"If you look at the rest of Europe there are a lot of armed officers, but they don't possess what we have," said Chief Supt Hendy.
"They may have 15,000 armed officers in Paris, but what they haven't got is highly trained armed response officers patrolling 24 hours a day," he said.
He said at any one time the Met had up to 30 Armed Response Vehicles (ARVs) patrolling the capital, each with crews of three officers.
"With triple crewed cars we can bring to bear three, six or nine officers on a situation very quickly and give them a fighting chance of winning the day," he said.
In June, several ARVs sped to Borough Market, on the south bank of the Thames after three Islamist terrorists rammed into people with a van and then ran amok with knives.
All three were shot dead by officers in Chief Supt Hendy's SCO19 command.
A few weeks earlier another attacker was gunned down in Westminster, when he mowed down people in a car and then stabbed an unarmed police officer, PC Keith Palmer, in the neck outside the Houses of Parliament.
On Thursday, (July 20) SCO19 showed off some of its weaponry in a special briefing for crime reporters.
The crew of each ARV — they tend to be BMW X5s — contains three firearms officers: a specialist high-speed driver, an operator and a navigator.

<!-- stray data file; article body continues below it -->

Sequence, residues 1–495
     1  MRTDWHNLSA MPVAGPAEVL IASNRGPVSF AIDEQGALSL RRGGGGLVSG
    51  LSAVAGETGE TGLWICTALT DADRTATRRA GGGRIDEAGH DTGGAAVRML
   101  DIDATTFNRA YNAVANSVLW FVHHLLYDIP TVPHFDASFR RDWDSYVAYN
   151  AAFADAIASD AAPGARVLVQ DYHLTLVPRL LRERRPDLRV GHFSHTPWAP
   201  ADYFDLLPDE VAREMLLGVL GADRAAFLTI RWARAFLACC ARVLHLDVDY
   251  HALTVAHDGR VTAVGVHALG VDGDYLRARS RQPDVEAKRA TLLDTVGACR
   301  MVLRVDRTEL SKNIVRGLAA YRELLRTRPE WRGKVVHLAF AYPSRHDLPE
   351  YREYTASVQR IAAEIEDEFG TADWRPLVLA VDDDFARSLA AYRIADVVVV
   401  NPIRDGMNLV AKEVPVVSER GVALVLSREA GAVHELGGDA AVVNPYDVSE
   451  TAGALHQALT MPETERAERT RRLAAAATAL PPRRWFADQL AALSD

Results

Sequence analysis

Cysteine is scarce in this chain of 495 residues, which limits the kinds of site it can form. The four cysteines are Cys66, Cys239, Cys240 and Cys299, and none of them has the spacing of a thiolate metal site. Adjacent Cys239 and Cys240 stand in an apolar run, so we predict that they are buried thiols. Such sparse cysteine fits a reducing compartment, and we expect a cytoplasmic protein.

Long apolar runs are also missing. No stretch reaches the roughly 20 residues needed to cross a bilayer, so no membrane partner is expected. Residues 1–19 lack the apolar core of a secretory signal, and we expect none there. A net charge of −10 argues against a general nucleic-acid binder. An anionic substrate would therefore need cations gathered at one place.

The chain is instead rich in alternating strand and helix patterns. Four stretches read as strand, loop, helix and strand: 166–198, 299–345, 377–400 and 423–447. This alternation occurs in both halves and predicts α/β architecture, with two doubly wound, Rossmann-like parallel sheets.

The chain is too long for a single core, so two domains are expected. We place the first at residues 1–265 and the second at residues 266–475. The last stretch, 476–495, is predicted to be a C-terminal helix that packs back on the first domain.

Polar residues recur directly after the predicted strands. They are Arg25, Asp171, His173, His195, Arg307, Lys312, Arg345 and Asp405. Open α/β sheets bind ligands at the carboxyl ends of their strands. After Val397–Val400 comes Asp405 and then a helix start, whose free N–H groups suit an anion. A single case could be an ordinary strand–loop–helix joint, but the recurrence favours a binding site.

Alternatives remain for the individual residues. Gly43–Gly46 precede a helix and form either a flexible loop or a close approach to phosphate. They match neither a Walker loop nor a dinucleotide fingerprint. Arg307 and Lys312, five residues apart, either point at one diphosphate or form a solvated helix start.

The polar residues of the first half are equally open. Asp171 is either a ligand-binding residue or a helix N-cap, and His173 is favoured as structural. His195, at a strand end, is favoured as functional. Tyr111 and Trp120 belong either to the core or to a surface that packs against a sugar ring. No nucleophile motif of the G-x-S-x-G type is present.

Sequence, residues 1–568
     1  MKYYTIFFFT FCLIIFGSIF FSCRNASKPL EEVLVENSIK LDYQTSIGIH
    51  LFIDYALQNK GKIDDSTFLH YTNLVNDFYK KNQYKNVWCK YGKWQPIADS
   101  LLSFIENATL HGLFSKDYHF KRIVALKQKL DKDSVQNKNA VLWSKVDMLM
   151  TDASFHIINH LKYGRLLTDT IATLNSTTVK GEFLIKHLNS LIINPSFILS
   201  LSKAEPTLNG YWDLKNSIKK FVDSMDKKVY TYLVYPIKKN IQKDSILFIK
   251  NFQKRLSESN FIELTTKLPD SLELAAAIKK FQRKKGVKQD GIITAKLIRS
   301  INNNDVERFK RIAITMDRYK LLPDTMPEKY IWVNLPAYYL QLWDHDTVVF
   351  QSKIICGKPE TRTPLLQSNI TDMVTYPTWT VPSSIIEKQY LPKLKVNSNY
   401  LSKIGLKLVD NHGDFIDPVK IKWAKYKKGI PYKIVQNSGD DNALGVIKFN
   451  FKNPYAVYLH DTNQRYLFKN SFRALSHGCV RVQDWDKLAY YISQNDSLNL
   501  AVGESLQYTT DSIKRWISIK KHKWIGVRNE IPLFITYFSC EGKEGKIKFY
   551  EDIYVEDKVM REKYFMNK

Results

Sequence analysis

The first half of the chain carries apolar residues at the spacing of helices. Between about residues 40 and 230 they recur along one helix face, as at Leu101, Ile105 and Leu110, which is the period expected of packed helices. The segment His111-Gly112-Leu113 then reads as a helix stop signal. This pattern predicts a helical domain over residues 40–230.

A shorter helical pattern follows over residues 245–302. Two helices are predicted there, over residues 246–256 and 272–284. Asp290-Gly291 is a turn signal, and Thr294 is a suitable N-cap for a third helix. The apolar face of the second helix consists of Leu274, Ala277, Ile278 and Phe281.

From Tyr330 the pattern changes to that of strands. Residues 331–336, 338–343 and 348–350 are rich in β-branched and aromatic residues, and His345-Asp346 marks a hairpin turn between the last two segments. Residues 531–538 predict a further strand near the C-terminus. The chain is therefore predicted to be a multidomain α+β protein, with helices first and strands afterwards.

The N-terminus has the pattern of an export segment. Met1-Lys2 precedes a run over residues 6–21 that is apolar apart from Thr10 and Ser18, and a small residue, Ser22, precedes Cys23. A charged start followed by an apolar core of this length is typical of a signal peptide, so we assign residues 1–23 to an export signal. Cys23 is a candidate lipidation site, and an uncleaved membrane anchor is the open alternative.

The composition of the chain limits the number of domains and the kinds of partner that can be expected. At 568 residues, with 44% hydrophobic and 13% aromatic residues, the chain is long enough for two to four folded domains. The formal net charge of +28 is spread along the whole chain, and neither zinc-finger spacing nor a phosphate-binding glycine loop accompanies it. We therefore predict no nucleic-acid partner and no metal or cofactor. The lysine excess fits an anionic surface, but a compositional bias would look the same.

While the driver concentrates on getting to the scene as quickly as possible the navigator in the back seat directs them and the operator in the front seat keeps in touch with the control room and gathers information on the incident as they approach it.
Each officer is equipped with a Glock 17 9mm self-loading pistol, a Sig MCX carbine and a Tazer.
The weapons are kept in a ballistics safe on the back seat, and the team are also equipped with six stun grenades and a first aid kit which they can use to treat anyone who gets shot.
Andy, a firearms officer who cannot be named for tactical reasons, said eyewitnesses often mistake the stun grenades for shots but they were actually much louder than a gunshot.
He said in reality the officers will rarely fire more than one shot and he said proudly that the Met had not fired a single shot in the whole of 2016.
He hinted that police in the US were far more trigger-happy than their British counterparts.
"We shoot to stop, not shoot to kill," said Chief Supt Hendy, who is in the process of rolling out body cameras to all his officers.
"We are totally sold on the benefits of body-warn cameras because it will show exactly what happened but what is taking time is getting them on the eyeline," he said.
Chief Supt Hendy said experiments had been carried out with cameras mounted on guns or on the shoulder but they seemed to be most effective when they were carried at head height.
Violent crime rose in England and Wales by 18 percent this year, according to an Office of National Statistics report which came out on Thursday, July 20, and youth homicides in London are understood to have gone up by 80 per cent in the last year.
More young people are carrying knives, guns and now acid too, and SCO19 has its own hearts-and-minds initiative, Operation Makepeace, which goes out and tells young people of the dangers of carrying weapons.
"We tell them of our own personal experiences. I had a 14-year-old lad die on my lap, and I was covered in his blood. I was washing it off my fingernails for hours in the sink at home and a few hours later my children were brushing their teeth in the same sink," Andy told Sputnik.